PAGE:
Your family will be so much richer because of all of this. And no, there are no guarantees that everything will be easy. I think that has been one of the biggest realizations I've had of late...LIFE isn't supposed to be easy, or even pretty...God never said that. But what we do here surely does matter for eternity.

May God be particularly near throughout this process. We will pray for your current children and your "new children!" God already knows who they are!

In Him,

Holly (for Jeff and the rest of the family) Johnson

At 10:58 PM , Anonymous Dave & Jill Tippett said...

Seems like so many Christians (me in the lead) like to sit back in their Christian "recliner" and pretend that our lives were meant for that--i.e., the relative comfort and security we build around us with money, social status, our jobs, accomplishments, going to church, doing a spattering of ministry, maybe even a missions trip once in a great while, safe in our Christian ghettos, thinking "I am SO in God's will", when I wonder if God is just weeping....weeping over those of us who never step out in real faith, in real obedience, to do what every human being is called to so, and that is make a difference in the lives of others--like you all have done.

Risks? Sure. Finances. Social issues. Logistics. General anxiety. I do wonder though if Jesus sometimes just laughs at us--not in a mean way, but more like a parent who's child is rambling on about how bad things are and how afraid they are, when all he wants to do is grab us up and say, "See , look out there--that's the big picture you can't always see--it's called perspective my kids"

Always get annoyed when I hear folks say, "there is so much need here, why reach out to those across the seas".. I heard a great answer--"yeah, the poor person down the road doesn't have a cell phone, but the person in (name any 3rd world country) doesn't have clean water to drink". Or even any sort of chance at life--until people like you guys get out of that recliner and say, enough is enough, there are kids who need us.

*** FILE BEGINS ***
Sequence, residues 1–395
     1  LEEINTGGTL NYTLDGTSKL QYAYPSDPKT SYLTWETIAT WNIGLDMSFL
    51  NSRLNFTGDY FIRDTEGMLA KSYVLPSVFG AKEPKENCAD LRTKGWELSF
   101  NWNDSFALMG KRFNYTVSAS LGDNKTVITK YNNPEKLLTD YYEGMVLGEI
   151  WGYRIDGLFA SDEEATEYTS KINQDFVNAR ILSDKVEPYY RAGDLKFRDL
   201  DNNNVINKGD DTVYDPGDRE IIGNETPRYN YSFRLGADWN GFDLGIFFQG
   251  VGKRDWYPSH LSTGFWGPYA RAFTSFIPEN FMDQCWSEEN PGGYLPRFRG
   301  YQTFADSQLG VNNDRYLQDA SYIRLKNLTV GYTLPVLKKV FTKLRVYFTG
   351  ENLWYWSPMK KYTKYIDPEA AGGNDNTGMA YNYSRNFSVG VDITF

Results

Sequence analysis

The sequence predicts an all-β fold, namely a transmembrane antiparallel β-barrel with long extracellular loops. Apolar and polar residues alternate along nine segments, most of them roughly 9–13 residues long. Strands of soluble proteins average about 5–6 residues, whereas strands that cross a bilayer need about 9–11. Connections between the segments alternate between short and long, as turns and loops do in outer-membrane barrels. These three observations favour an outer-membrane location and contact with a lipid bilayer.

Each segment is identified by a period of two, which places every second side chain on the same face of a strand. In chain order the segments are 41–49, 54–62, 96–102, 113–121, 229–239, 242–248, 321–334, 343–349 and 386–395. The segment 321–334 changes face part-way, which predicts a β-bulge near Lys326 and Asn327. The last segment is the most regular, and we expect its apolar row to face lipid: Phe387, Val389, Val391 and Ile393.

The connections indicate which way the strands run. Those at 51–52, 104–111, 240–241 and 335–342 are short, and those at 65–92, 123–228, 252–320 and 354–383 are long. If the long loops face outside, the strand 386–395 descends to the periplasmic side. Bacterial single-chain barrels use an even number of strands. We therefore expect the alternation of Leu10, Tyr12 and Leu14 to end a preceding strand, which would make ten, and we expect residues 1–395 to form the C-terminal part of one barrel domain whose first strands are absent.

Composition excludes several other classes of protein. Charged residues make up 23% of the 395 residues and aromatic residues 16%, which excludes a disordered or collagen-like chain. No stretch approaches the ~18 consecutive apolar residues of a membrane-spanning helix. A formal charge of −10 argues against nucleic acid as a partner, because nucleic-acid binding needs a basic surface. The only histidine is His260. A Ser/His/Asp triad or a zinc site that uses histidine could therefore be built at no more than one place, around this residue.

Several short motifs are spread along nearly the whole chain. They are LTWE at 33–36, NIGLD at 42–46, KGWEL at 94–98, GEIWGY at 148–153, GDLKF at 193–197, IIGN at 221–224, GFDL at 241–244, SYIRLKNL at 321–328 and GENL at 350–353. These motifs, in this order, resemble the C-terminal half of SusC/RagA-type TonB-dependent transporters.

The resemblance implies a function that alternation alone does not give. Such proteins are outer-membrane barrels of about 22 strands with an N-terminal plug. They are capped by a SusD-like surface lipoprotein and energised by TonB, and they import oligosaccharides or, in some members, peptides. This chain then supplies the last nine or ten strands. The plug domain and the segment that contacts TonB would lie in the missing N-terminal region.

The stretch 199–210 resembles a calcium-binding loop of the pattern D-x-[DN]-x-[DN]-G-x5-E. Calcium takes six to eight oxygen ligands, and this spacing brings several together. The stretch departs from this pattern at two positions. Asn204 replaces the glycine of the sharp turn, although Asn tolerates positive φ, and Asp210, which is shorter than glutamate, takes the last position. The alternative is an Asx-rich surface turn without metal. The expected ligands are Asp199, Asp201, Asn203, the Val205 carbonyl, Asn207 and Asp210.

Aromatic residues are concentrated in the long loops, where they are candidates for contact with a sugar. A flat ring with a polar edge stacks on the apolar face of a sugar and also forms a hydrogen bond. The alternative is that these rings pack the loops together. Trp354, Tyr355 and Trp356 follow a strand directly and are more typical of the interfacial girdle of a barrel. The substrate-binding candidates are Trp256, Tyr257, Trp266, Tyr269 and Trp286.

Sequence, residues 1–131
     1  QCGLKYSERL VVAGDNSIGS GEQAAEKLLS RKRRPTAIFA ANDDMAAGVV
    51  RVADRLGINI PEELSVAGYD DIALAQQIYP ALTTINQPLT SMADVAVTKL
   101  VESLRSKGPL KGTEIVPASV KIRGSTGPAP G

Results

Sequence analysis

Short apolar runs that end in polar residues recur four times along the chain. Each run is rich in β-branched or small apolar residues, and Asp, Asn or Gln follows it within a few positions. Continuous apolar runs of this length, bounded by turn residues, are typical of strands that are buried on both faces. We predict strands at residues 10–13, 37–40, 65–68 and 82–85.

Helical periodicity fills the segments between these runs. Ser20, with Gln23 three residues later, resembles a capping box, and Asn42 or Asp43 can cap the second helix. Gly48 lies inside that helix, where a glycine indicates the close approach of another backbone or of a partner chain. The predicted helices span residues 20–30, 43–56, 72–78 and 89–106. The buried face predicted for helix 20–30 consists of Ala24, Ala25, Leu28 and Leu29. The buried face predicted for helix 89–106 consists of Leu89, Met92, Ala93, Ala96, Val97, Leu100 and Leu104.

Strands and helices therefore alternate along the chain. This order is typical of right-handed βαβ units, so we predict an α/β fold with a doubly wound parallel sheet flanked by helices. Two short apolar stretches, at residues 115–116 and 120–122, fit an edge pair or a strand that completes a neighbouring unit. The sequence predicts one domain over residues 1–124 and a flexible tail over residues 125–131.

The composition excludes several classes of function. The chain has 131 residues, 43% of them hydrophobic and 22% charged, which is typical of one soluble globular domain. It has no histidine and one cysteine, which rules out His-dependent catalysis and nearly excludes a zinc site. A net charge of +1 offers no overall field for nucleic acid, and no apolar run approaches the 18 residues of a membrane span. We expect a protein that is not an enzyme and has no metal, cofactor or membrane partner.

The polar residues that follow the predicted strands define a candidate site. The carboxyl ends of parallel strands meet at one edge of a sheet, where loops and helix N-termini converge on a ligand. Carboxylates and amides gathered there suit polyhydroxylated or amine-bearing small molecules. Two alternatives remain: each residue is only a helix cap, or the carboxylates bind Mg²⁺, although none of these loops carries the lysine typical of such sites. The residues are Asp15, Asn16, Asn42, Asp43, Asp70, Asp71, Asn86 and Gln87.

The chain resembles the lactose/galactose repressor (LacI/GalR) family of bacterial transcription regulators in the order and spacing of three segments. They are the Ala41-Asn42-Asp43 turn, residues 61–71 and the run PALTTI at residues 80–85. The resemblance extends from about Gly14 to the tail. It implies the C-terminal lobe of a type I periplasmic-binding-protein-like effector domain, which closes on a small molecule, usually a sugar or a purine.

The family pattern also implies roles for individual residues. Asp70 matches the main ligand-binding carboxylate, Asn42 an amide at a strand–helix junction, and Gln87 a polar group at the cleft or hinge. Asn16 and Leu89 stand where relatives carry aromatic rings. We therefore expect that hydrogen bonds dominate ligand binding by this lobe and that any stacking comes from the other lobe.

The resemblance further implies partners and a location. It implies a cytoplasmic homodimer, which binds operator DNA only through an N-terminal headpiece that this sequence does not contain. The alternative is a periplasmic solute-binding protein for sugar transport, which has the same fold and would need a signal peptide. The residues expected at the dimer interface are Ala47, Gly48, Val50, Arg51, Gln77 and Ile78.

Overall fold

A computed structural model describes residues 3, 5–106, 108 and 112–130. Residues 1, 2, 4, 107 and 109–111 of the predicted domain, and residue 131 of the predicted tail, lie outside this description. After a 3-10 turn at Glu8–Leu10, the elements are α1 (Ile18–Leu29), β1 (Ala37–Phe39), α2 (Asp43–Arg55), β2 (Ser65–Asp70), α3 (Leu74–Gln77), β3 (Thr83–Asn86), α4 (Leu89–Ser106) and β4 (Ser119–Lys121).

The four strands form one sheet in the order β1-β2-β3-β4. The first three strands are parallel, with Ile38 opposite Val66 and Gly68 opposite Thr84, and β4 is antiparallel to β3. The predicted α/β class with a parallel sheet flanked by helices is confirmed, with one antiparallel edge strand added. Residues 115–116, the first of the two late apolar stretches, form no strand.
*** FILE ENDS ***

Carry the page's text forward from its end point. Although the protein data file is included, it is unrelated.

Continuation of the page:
White parents of black kids huh. Wow. I understand some of the implications of that, but there is Jesus again, laughing at all the 'stuff' that goes with that, saying "So, all you who doubt this can or should work--we need to talk. Do you really think I died for a certain skin color? HELLO. I don't care who's color is who, just HELP each other".

You all have our undying support as you speed down this road of faith. Keep looking out the windshield, and we'll cover up the rear view mirrors. (I have no idea what that means, but it sounds good. Smile).

At 10:30 AM , Blogger David and Marianne said...

Hi! My name is Marianne Gross. My husband and I are in the process of adopting a little girl from Guatemala. A friend of mine who I assume must be a friend of one of your friends forwarded me your cute story from the SCC concert.

Thank you so much for taking some time to write your thoughts on the risk of adoption. I know the Lord led me to your blog today to be reminded of those truths of taking risks for Him.

We are supposed to receive a referral TODAY...and we are "fighting" doubts about accepting it because of all the turmoil going on in Guatemalan adoptions and the uncertainty with pending adoptions. Yet we are clinging to our faith that God is bigger than the governments of Guatemala and the U.S.

So thank you for your words of spiritual wisdom!

At 9:04 PM , Blogger cjsanderson said...

Thanks Tracy for your honesty and words from Gods word! How very true, sometimes I wonder just what are we doing? We have no idea what risking our lives for the Lord is about.

At 2:49 PM , Blogger Mother Goose said...

Found your blog today. I am 100% sure God led me here. We are just beginning the process and have been so obsessed about the risk. Thank you for this.